I watch him more often now, looking for a sign he's got a friend, or maybe more than that.

-

The boy in the red jacket is sitting next to a six foot tall six grader, stuck between the overgrown child in camouflage and the window, while he barely reaches five foot on his own. The camouflaged one with the ice blue eyes and a shaved head starts laughing, calling him all sorts of names about his size. He barely stands up for himself verbally, but it's obvious he's trying. He hasn't gained any respect yet, and if the boy in camouflage was from our bus stop, I'd say he was the bully. The boy in red shells up and gives in with a final "Shut up!" and a smile, but the other boy just stares him down and he loses his cool and I can see him slink backwards in the seat.
All it takes for him to lose the fight is a, "Yeah, that's what I thought!"
He hasn't made any friends yet.
-
I walk down the aisle, and he's sitting in a seat, just having sat down. I have the choice to sit with him, my ex, or the annoying girl with the cotton sort of skin nobody likes because she screams everything. I look to the boy with the red coat, and he grabs his bag and looks frightened. "You sit with me or move," I tell him, not in a harsh tone, just matter-of-fact, and he skitters out of the seat immediately and darts to the back of the bus to sit next to my ex, who gives me a look like I'm punishing him before I flop into my seat.

The annoying girl that screams a lot is sitting next to the boy in camouflage and stabbing him in the neck with a needle, progressively causing irritation to cross his face. I want to congratulate her, but then I don't want her to talk to me so I stay hidden behind my shield of music, turning up the volume all the way, looking out the window to watch dead plants with no snow on them for some strange reason in the middle of December.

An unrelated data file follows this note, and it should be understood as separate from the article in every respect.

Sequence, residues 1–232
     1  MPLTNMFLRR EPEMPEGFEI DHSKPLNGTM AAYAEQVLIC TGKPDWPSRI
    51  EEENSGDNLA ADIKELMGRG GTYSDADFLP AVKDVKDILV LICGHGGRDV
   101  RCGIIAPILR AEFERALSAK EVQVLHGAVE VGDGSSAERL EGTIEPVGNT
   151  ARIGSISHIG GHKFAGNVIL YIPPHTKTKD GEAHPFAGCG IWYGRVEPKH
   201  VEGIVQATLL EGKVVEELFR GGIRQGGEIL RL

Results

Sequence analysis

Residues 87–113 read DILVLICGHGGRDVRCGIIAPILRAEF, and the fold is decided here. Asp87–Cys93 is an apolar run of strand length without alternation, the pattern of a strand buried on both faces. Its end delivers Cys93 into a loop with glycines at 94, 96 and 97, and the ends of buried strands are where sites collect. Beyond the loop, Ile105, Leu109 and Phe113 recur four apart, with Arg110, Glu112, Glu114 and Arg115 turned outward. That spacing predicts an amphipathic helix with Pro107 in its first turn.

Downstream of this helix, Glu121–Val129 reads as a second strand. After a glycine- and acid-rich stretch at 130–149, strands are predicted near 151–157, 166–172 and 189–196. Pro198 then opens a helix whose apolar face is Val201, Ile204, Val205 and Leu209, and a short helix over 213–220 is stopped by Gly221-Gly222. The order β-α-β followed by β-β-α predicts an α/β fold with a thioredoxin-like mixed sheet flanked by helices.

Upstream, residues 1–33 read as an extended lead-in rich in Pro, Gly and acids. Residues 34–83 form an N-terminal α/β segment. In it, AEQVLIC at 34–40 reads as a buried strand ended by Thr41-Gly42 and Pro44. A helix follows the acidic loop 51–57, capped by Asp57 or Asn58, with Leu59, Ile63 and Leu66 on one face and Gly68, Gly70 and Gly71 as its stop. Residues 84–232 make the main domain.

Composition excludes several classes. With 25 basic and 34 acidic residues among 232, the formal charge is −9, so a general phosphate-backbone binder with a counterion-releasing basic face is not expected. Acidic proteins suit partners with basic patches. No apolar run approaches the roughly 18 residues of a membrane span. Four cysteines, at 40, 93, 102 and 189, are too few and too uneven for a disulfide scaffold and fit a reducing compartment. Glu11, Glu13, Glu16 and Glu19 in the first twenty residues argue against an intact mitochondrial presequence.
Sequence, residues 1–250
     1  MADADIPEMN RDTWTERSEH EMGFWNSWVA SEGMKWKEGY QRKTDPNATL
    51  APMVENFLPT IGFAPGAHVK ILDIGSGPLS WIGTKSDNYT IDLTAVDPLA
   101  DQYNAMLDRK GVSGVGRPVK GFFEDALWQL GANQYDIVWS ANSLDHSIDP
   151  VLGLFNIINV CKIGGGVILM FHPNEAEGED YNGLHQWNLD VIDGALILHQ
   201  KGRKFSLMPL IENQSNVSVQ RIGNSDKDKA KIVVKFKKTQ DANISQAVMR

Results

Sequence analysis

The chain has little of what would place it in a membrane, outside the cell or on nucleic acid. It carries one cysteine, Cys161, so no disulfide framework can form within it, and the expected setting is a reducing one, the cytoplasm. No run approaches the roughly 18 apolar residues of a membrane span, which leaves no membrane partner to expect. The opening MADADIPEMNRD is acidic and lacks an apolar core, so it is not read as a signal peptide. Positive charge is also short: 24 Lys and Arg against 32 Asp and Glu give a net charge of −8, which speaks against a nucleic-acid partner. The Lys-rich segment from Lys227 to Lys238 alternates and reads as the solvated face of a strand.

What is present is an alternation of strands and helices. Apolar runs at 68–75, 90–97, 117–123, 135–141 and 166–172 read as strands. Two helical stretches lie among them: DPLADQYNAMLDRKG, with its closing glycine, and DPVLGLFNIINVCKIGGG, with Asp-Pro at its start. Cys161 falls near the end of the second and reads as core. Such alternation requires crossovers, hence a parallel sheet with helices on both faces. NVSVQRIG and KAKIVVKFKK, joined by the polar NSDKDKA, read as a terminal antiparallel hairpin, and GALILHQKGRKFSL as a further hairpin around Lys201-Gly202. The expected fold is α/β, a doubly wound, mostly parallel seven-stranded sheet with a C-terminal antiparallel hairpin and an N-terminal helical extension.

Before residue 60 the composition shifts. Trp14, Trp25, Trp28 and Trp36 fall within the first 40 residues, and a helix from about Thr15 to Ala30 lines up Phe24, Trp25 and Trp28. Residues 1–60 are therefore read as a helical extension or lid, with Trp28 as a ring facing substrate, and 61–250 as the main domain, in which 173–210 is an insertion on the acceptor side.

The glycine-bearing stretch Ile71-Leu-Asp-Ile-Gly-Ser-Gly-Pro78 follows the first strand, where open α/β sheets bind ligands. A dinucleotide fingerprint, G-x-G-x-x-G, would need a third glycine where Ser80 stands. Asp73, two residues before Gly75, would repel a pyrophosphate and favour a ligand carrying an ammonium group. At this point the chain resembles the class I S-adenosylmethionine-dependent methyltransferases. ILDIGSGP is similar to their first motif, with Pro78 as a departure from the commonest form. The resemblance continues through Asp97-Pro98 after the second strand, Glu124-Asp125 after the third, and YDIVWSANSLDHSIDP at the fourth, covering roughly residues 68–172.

When the bus comes to a stop, I stand up, angled from my bags so I get a clear view as a hand reaches out and presses the boy in the red coat's hand down against the top of a seat. The boy in the red coat looks stunned a moment before jerking back his hand and staring at the other boy, only slightly taller and in a worn out green jacket with blonde hair and brown eyes. The boy in green gives a playful wink, his tone not mocking at all. "Sorry about that. I didn't mean to hold your hand."

The boy in the red coat stuffs his hands into his pocket before the boy in green speaks up again, "You've got nice hands. They're very soft." He isn't joking this time. His expression is gentle and serious.

The boy in the red coat blushes and looks around cautiously. He doesn't notice that I'm watching. "Oh. Really?" he says, astounded by the compliment.

"Yeah. I like it," the boy in green whispers, and I can only hear as the bus empties out because I'm right next to them, angled just enough they still can't tell I'm listening, besides, I have headphones.

The boy in red gives a warm smile to the other boy. "Thanks. I use lotion on them every day."

"Mine are too coarse. I should do that," the boy in green says, and they keep talking in that fashion as I make my way off the bus.

I'm proud of him; he didn't try to look tough, and I think he made his friend.